The chemical was not mutagenic in Ames tests in Salmonella typhimurium, with or without metabolic activation (CIR, 2010; SCCNFP, 2003). The chemical (0.5-40 µg/mL) was also negative in an in vitro chromosome aberration study using the Chinese hamster ovary (CHO) cells, both with and without metabolic activation. In another study using CHO cells, chromosomal aberrations (at 3.75 µg/mL without S-9 activation (28% aberrant cells) and at 7.50 µg/mL with S-9 activation (34% aberrant cells) were seen accompanied by significant cytotoxicity (29-48% reductions). The chemical was reported to be negative in an in vivo mouse micronucleus assay (CIR, 2010; SCCNFP, 2003).

Carcinogenicity

No data are available for the chemical. Based on the weight of evidence from the available carcinogenicity study for the analogue chemical - 3:1 mixture of methylchloroisothiazolinone and methylisothiazolinone (CAS No. 55965-84-9), in which there was no evidence of carcinogenicity, the chemical is not likely to be a carcinogen.

In a two-year drinking water study on rats (CRL:CD BR) exposed to the analogue chemical, no treatment related neoplasms were observed up to the highest dose tested, 300 ppm (equivalent to 17.2 mg/kg bw/day). Hyperplasia of the forestomach was seen at mid and top doses. This was attributed to the corrosive nature of the chemical (CIR, 2010).

Reproductive and developmental toxicity

The chemical does not show specific reproductive or developmental toxicity.

In a two-generation reprotoxicity study, no treatment related effects were noted in rats (Crl:CD IGS BR strain) exposed to the chemical (up to 86 mg/kg bw/day in males and 115 mg/kg bw/day in females) through drinking water (CIR, 2010; US EPA, 1998).

Two teratogenicity studies showed no treatment related effect in rats (Crl:CD(SD) IGS BR strain) and rabbits (New Zealand White) exposed to the chemical at concentrations up to 40 and 30 mg/kg bw/day respectively. Based on the results, the maternal NOAELs were 20 (rats) and 10 (rabbits) mg/kg bw/day and developmental NOAELs were 40 (rats) and 30 (rabbits) mg/kg bw/day (CIR, 2010; US EPA, 1998).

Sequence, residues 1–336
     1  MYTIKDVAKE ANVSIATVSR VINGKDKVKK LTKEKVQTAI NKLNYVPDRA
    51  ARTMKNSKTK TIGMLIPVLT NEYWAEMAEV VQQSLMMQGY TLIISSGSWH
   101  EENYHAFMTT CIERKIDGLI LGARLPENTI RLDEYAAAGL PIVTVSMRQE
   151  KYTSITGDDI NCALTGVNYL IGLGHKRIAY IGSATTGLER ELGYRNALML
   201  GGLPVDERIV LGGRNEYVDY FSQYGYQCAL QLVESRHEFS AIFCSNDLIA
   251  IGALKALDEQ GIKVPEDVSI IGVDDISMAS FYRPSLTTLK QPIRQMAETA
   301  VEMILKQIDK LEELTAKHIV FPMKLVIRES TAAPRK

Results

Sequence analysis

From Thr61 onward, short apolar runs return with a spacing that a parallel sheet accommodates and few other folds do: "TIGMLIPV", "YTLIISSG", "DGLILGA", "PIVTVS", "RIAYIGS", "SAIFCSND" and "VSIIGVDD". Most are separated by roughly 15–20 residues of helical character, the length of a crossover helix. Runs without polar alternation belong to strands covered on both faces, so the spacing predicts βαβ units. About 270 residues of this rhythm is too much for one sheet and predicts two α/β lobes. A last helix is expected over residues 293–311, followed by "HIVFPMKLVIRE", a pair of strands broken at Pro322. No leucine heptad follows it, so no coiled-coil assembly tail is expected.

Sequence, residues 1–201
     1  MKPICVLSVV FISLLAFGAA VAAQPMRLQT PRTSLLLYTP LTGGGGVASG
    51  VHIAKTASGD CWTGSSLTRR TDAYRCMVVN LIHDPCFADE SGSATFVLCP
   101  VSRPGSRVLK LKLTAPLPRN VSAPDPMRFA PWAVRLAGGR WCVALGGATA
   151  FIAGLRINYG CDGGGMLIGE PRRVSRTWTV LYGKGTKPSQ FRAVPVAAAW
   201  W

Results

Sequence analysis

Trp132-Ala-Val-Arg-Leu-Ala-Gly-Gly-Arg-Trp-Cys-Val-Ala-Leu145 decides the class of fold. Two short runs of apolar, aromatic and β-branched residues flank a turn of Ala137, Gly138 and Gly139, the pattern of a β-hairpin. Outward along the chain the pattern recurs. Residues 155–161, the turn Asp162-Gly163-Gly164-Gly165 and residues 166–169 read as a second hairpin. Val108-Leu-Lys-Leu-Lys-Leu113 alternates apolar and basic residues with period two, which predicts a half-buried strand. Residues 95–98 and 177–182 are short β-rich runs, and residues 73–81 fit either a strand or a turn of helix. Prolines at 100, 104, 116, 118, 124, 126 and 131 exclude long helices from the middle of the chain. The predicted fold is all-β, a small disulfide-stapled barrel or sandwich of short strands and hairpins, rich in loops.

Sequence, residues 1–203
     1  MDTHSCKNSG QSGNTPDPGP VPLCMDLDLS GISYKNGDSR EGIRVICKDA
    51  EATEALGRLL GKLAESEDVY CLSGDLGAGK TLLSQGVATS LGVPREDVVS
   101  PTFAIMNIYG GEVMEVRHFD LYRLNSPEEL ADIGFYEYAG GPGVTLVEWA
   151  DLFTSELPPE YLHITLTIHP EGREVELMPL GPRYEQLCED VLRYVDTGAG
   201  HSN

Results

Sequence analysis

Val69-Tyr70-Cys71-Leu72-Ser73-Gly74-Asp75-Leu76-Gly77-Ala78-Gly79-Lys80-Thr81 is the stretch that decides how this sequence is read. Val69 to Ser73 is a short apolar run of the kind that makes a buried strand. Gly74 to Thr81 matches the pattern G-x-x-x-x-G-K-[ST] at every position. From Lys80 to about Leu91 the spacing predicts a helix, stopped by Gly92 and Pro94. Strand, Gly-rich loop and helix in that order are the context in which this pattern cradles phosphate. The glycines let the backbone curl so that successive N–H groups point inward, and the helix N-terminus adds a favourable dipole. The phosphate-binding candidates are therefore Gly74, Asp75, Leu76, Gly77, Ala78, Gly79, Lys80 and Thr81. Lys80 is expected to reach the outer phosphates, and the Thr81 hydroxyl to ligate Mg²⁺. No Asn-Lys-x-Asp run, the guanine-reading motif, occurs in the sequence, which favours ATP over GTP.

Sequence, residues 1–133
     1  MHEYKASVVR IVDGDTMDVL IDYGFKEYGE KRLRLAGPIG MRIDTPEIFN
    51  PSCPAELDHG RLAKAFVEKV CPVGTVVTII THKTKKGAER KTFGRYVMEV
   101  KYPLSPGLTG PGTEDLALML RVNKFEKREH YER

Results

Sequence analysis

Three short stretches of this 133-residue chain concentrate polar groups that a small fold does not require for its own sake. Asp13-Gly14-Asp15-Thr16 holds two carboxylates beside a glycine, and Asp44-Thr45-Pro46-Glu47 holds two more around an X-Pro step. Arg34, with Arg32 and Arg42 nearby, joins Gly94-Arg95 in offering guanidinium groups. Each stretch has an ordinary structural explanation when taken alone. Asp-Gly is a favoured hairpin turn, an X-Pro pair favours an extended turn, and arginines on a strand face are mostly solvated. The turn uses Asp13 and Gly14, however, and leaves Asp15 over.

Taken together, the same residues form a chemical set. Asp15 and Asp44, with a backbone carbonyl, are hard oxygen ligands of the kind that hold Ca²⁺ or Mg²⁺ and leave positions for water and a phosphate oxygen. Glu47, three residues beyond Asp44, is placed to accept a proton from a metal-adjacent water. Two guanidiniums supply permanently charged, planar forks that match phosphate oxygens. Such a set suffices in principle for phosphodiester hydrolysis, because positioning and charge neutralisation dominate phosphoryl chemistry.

Other health effects
Neurotoxicity

An acute in vitro neurotoxicity study of the chemical using cultures of embryonic rat (SD) cortical neurons and glia observed widespread neuroronal cell death within 24 hours in the cortical cultures exposed to 100 and 300 µM (highest concentration tested) concentrations. Gliotoxicity was low. Another 14-hour in vitro neurotoxicity study of the chemical concluded that prolonged exposures to the chemical and related isothiazolones may damage developing nervous systems (based on cell death observed in cultures treated with 3 µM concentration of the chemical along with changes in signalling complexes normally found in developing neurons) (CIR, 2010). However, no evidence of neurotoxicity was observed in vivo in the repeat dose or reproductive and developmental animal studies.

Scheduling status

Methylisothiazolinone is not specifically scheduled.

Scheduling history

Methylisothiazolinone has been previously considered for scheduling. In July 2014, the Advisory Committee on Chemicals Scheduling (ACCS), considered toxicological data on methylisothiazolinone and noted that its toxicological profile met the Schedule 6 factors of the Scheduling Policy Framework (SPF). The chemical is not a carcinogen or genotoxic. Based on the toxicity profile of this chemical, the committee considered that a Schedule 6 entry was warranted. The committee noted the maximum use concentration levels in both leave-on and rinse-off products (0.01%) overseas. In cleaning preparations the concentration level is typically reported to be <1% of methylisothiazolinone. The committee proposed, however, that a low concentration exemption cut-off to exclude methylisothiazolinone from the schedules is not warranted.